“Radical History” is the next lengthy segment and it brings us through the Lollards journey (one of the early radical Christian organizations), the Catholic Church’s base of power, the burning of “heretics”, and the radical reformation founded by Martin Luther. These sections are not from the Bible at all, but history itself. Drawn by Gary Dumm (with vivid coloring by Laura Dumm) and often scripted by Buhle, Dave Wagner or Dumm himself, we are taken through some harsh and some revelatory scenes. Peace activists and members of AIM will recognize the roots of their struggles in chapters on the Quakers’ relationships with Native Americans and the Abolitionist movement. Without much difficulty one can of course see a connection to the struggle of the Palestinians and others of the First Nation.
The final segment, “Radical Resistance” was written and drawn by Nick Thorkelson. It explores faith-based movements in modern times and in doing so, ties together the struggle for human rights and equality throughout the ages. There is a special focus on slavery and African American freedom struggles and Sojourner Truth is heroically depicted as are multiple figures we recall from the Civil Rights years (yes, there’s Dr King tearing down the walls of Jericho). But it surely doesn’t stop there: check out the story of the Catholic Worker movement and Dorothy Day’s quote: “…The class structure is of our making, not His….So we are urging revolutionary change”. Hey, this kind of dangerous talk can almost bring ME back to church! And Thorkelson shows how the line went from Haley House to the Catholic Worker to Plowshares. We also see Mennonites, various levels of peace protests around the world, Conscientious Objectors, Aboriginal movements, and the struggle for ecology and a sustainable world.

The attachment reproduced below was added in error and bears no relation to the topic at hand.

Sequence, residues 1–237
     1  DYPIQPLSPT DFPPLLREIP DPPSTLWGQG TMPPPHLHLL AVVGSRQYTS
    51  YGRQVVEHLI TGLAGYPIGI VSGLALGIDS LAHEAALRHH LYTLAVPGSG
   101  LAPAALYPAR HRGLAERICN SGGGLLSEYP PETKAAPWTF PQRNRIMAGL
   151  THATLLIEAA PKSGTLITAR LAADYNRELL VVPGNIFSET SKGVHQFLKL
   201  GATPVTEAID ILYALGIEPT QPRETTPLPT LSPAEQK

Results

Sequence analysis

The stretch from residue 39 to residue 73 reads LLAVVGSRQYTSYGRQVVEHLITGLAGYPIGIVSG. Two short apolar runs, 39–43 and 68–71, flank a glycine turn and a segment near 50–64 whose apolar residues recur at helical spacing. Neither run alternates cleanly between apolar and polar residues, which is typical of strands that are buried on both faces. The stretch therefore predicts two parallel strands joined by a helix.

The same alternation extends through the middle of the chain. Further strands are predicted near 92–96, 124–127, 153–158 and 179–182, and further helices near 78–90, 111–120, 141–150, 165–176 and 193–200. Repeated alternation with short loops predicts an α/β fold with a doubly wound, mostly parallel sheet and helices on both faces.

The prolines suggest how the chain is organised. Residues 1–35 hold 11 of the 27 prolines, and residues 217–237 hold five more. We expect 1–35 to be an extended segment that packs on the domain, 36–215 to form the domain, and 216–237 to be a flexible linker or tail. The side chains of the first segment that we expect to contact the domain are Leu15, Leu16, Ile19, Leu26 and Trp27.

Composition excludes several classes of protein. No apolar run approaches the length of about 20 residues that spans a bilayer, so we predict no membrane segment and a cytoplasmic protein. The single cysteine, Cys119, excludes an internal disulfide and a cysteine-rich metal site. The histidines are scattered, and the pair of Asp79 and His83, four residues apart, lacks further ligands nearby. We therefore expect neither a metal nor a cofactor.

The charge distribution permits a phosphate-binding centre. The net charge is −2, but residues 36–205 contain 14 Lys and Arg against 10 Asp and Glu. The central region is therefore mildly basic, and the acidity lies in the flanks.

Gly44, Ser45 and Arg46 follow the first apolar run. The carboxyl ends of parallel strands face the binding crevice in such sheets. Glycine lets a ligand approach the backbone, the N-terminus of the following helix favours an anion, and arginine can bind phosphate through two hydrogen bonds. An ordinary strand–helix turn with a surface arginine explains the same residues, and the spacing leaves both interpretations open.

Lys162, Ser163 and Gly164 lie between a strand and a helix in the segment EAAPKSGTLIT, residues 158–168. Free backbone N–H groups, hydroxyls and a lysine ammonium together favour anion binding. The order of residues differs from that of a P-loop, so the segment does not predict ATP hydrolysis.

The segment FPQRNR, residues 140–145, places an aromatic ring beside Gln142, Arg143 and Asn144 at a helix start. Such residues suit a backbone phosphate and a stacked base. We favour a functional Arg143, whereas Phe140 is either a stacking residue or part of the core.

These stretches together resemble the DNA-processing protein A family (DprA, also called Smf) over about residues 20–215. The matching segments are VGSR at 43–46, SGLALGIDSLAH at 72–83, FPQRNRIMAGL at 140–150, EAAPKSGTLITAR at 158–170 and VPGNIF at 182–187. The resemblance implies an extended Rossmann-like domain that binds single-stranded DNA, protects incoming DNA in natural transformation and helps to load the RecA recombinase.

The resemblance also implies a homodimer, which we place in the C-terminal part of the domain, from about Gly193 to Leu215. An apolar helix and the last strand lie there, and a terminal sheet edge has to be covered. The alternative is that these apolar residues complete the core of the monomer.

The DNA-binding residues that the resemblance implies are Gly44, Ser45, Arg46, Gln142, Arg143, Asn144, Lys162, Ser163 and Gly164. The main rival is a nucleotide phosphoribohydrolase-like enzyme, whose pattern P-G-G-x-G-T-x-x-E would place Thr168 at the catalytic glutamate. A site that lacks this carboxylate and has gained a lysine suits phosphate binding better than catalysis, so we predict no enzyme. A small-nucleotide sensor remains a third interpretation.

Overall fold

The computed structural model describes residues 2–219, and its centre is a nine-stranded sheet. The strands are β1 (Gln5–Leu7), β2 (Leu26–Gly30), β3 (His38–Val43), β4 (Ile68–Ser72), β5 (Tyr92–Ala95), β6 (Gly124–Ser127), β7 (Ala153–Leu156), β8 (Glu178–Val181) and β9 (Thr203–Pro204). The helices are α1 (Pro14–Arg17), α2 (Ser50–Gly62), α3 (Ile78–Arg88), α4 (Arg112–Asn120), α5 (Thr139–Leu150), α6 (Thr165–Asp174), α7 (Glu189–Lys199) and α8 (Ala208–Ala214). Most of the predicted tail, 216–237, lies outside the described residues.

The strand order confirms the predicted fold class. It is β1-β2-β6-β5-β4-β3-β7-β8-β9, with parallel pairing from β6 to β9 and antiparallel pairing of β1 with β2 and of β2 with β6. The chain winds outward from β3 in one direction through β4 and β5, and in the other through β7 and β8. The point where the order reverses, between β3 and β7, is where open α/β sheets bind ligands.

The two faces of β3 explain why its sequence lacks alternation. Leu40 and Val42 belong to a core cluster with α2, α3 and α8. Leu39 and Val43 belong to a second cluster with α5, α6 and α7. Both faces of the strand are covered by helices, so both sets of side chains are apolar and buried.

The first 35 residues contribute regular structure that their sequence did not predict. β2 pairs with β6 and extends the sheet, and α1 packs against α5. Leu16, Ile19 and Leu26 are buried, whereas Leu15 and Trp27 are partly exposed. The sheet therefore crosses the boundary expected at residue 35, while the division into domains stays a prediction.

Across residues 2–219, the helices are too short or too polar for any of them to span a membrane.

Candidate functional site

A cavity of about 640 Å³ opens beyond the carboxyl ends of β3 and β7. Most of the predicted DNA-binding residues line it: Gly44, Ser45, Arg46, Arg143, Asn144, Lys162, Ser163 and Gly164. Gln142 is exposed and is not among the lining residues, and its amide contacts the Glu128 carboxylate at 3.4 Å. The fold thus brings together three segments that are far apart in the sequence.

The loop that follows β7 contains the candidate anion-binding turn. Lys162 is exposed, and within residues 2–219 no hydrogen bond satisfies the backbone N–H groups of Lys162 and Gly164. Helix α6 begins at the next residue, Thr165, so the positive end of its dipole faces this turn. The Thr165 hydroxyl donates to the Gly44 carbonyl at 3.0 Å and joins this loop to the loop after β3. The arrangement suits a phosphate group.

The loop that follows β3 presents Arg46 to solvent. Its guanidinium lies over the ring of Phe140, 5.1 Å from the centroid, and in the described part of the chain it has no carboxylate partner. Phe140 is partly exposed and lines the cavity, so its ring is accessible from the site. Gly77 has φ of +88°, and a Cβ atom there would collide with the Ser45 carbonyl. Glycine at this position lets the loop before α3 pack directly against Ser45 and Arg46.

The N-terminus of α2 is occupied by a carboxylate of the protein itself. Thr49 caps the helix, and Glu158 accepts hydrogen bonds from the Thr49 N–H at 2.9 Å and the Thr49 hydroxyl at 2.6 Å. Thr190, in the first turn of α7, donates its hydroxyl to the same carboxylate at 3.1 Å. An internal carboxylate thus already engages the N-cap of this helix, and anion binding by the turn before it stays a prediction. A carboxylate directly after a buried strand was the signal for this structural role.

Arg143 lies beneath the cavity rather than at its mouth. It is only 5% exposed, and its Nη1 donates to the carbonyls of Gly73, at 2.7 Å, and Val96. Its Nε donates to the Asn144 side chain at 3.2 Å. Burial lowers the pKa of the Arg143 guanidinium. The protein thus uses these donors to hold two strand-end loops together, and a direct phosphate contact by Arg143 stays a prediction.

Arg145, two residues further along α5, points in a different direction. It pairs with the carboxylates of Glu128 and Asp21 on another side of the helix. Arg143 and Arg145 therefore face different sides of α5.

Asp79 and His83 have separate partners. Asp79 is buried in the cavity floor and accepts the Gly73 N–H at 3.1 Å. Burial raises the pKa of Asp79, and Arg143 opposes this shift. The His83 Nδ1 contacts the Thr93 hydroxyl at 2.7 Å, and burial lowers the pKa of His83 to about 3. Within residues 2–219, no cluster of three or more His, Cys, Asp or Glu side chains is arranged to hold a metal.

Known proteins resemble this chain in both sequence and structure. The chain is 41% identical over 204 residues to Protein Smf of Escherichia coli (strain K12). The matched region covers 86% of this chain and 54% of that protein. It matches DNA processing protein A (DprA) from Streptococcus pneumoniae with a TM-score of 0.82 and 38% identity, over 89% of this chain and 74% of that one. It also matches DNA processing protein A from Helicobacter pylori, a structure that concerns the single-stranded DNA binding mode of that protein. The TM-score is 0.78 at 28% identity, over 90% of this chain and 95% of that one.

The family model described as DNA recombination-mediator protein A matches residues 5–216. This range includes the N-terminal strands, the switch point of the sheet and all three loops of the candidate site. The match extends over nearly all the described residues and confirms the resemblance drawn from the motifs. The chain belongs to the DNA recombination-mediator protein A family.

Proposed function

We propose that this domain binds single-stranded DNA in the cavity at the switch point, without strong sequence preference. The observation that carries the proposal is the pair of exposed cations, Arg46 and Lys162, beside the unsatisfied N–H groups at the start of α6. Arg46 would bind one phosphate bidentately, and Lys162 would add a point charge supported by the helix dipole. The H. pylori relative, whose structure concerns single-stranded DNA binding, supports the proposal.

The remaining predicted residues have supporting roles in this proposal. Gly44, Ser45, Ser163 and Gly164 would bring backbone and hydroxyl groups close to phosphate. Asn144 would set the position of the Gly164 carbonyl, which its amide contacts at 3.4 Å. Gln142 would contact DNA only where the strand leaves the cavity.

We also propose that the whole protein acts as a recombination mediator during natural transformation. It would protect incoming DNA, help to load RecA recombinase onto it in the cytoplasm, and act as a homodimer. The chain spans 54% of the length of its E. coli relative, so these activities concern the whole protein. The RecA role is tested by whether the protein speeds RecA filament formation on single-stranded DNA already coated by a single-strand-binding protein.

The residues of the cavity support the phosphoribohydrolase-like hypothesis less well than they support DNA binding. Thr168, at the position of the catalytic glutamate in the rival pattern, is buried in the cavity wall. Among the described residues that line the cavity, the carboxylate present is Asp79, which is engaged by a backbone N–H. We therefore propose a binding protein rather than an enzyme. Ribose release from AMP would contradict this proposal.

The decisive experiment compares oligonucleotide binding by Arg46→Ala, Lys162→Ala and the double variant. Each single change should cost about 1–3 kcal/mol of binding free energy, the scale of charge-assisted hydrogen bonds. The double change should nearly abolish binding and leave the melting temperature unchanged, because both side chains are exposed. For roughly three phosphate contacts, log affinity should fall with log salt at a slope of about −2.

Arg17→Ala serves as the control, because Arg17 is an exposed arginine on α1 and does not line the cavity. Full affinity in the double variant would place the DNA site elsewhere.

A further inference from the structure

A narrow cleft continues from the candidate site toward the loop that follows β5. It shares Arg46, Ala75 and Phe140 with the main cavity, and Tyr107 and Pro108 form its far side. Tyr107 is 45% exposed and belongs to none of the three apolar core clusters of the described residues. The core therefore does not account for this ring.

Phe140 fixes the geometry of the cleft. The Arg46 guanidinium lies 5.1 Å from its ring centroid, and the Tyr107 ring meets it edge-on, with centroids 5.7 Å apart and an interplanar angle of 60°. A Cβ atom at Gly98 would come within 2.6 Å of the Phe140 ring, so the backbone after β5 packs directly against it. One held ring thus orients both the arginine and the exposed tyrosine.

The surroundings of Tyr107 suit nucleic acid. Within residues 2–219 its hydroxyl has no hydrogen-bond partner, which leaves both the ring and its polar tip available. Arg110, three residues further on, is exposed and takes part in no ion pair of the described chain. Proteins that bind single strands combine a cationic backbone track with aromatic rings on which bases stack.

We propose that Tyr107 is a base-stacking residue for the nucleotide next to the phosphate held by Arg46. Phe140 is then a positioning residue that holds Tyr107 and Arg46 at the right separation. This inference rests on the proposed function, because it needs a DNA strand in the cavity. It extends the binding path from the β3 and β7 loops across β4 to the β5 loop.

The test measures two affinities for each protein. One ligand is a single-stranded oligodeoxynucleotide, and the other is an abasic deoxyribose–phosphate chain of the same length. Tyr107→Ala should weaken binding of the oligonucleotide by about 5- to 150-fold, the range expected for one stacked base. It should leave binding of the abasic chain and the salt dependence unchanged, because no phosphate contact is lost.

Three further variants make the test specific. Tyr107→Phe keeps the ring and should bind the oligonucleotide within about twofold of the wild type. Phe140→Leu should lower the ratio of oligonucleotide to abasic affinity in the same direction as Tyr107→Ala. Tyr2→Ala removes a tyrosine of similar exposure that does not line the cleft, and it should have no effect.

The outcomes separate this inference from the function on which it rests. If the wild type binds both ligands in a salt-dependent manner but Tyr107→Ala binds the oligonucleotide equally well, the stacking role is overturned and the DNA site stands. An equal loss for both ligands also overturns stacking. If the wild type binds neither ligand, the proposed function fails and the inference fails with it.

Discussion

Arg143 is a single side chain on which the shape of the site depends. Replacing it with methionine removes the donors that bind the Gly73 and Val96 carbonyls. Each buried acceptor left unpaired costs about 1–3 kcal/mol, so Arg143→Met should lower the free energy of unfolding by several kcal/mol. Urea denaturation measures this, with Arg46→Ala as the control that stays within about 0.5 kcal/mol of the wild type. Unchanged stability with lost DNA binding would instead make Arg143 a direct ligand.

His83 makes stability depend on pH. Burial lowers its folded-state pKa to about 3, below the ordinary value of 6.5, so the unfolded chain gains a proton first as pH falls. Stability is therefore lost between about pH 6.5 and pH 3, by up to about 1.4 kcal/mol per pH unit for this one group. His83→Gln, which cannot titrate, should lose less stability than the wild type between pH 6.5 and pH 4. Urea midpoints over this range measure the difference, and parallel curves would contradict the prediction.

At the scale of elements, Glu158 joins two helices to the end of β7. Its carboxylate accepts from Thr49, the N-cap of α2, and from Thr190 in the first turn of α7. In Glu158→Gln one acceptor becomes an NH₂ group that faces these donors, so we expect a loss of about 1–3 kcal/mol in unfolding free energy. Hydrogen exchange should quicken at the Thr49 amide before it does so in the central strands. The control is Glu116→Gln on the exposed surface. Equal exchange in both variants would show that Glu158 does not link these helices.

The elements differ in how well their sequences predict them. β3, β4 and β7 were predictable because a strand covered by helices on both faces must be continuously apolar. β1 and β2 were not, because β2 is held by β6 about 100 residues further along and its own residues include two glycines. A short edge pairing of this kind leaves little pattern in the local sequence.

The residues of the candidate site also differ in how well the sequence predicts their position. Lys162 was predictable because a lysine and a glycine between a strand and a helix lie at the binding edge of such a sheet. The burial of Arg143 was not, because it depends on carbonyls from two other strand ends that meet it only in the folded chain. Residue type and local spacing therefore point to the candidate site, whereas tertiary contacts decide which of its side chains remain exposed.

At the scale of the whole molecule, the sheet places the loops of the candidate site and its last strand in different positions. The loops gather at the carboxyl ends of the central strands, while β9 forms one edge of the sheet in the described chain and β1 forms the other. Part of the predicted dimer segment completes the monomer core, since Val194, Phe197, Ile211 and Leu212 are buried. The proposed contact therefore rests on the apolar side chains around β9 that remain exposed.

Taken literally, the messages of Jesus’ teachings should always reflect a visions of a shared planet and an economy not designed by and for the wealthy few. As a child at weekly Catechism classes I had to attend, we were constantly taught that “God is love” and that Jesus was “the Prince of Peace”. But this was during the climax of the Vietnam War and when we asked the nuns or lay-teachers why God has allowed this ongoing horrific violence that came home to us on the television news each night, they only answered that we must have faith, and that God works in mysterious ways. I am sure that none of these intended guides to my religiosity considered the figure of Jesus as a revolutionary nor the symbolism in the Bible to have more in common with Marx than Pope Paul, but then RADICAL JESUS had not yet been published at the time. After reading this book, however, I would argue that it surely had been written ---a millennia ago, with a message still urgent after King James had his way with the words and church corruption attempted to refigure it, sore afraid of a fully awakened populace.